Vision is (probably) Informationally Encapsulated from Flavor (Part II)

By Daniel Tippens Some notes on attention and sensory penetration I intend to argue that vision is informationally encapsulated (just “encapsulated” from here on out) from flavor. In the last post, we discussed the ideas of encapsulation and sensory penetration. The notion of encapsulation that I am working with takes place at the level of experience, and sensory penetration takes […]

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Vision is (probably) Informationally Encapsulated from Flavour (Part I)

By: Daniel Tippens Introduction Let’s understand our sensory systems in a common sense way to refer to the 5 senses we are familiar with: vision, touch, audition, and so on. A sensory system, understood in this paper, is characterized by certain sense organs, specific brain-areas dedicated to processing the information that those sense organs receive, and a certain kind of […]

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Philosophy and Philosophobia

By David Ottlinger Philosophy, it would seem, has fallen on hard times. Or at least it is often said that philosophy has fallen on hard times. To philosophers themselves, philosophy has just completed an eventful century. And in spite of rumors one occasionally hears to the contrary, philosophers are in no way worried about the subject drying up or having […]

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Obligations and Duties

By Mark English In an aside in a recent piece on moral intuitionism, Daniel Kaufman remarked that he was unsure whether “there really are such things as moral obligations and duties.” [1]. I think I understand what he is getting at here, but rather than trying directly to address his question, I want to sketch out – very briefly and […]

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Panpsychism – is it testable?

By Paul So In recent years (late 90’s to the 21st century), Panpsychism has been enjoying some resurgence in philosophy. David Chalmers, Galen Strawson, Thomas Nagel, and others are seriously considering Panpsychism as a viable solution for the Mind-Body problem. But philosophers aren’t alone. In the natural sciences, some prominent scientists, even the well-known Christof Koch, are seriously considering Panpsychism […]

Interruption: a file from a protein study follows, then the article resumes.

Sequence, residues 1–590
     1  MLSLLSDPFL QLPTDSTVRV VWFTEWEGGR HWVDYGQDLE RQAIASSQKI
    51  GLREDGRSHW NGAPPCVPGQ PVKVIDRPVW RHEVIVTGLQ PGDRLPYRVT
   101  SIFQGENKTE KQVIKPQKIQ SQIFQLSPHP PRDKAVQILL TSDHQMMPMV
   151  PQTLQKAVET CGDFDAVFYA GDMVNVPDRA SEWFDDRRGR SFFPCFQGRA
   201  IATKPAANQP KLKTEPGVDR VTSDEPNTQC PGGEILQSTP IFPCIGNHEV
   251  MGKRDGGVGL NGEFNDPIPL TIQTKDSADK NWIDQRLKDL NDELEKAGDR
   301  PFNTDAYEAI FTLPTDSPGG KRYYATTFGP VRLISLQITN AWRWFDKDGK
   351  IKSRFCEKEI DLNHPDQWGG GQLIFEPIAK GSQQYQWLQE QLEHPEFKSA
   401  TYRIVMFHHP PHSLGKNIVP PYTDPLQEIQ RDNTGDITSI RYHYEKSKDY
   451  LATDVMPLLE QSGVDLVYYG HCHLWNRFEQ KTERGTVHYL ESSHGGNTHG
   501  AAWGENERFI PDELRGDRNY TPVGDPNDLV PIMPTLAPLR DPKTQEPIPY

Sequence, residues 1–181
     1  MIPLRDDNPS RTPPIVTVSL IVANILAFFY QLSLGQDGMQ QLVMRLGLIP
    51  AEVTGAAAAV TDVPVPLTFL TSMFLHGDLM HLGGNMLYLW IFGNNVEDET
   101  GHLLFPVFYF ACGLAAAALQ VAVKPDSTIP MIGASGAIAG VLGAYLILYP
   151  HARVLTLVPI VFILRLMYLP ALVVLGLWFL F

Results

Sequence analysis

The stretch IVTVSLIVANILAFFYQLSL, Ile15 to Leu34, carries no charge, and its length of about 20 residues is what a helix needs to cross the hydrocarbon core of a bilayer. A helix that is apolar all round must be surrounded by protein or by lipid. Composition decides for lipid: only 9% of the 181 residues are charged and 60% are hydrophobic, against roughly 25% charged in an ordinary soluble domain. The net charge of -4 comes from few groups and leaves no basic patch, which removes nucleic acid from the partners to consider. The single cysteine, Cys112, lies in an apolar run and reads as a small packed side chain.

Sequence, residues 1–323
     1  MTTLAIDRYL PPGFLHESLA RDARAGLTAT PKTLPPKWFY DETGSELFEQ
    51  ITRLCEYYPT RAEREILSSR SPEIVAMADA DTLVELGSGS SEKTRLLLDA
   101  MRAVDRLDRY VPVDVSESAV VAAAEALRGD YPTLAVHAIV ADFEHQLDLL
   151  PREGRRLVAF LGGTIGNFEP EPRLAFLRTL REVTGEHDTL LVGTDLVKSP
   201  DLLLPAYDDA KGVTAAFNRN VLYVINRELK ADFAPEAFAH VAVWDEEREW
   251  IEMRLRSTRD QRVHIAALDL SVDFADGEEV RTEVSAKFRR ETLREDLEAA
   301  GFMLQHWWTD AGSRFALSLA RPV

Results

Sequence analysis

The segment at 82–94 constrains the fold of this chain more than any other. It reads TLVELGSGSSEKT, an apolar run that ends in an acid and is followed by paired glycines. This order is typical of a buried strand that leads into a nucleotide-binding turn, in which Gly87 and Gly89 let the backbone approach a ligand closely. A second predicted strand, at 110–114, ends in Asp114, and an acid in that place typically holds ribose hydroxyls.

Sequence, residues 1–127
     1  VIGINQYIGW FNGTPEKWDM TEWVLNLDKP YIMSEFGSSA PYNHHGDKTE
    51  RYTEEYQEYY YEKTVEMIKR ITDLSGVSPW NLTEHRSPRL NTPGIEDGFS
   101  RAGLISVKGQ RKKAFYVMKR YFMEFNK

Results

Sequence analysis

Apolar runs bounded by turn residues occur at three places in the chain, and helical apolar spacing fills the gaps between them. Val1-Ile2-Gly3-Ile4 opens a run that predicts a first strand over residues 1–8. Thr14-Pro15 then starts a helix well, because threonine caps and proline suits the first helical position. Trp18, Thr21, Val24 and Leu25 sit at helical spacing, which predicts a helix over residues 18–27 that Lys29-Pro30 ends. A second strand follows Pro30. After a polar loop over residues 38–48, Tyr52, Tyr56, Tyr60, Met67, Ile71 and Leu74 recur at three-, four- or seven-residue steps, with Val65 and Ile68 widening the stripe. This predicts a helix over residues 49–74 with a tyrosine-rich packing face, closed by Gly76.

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Intuition and Morals

by Daniel A. Kaufman The main moral conviction of the plain man seem to me to be, not opinions which it is for philosophy to prove or disprove, but knowledge from the start. –W.D. Ross, The Right and the Good I want to say a few things about morality and intuition and the relationship between the two.  One of them […]

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Knowledge and Reality

by Daniel A. Kaufman EDITORS NOTE:  This essay originally appeared on Dan Kaufman’s previous blog, Apophenia.  We are reprinting it here, as a preface to a video discussion bewteen Dan Tippens and Dan Kaufman on realism, anti-realism, and our knowledge of the world.  That discussion will be posted this Thursday. __________________________________________________________________ If you were to go to the trouble of asking ordinary people about […]

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Constitutional Originalism and Religious Fundamentalism — Two Sides of the Same Coin

By Steve Snyder “Originalism” has arguably been the most prominent theory of legal interpretation of the U.S. Constitution since Antonin Scalia became an associate justice of the Supreme Court some 30 years ago. Scalia has been a regular lecturer at conservative legal conferences of organizations like the Federalist Society, where he advances the originalist point of view. With the addition […]

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Acceptance, Belief, and the Question of Informal Fallacies

By Daniel Tippens Introduction Informal fallacies have become a hot topic in some circles. An informal fallacy is an argumentative move that may be psychologically persuasive, but is logically incorrect. [1] For example, an argument from authority is an informal fallacy, because it involves basing one’s conclusion on the premise that one is an expert with regard to something related […]

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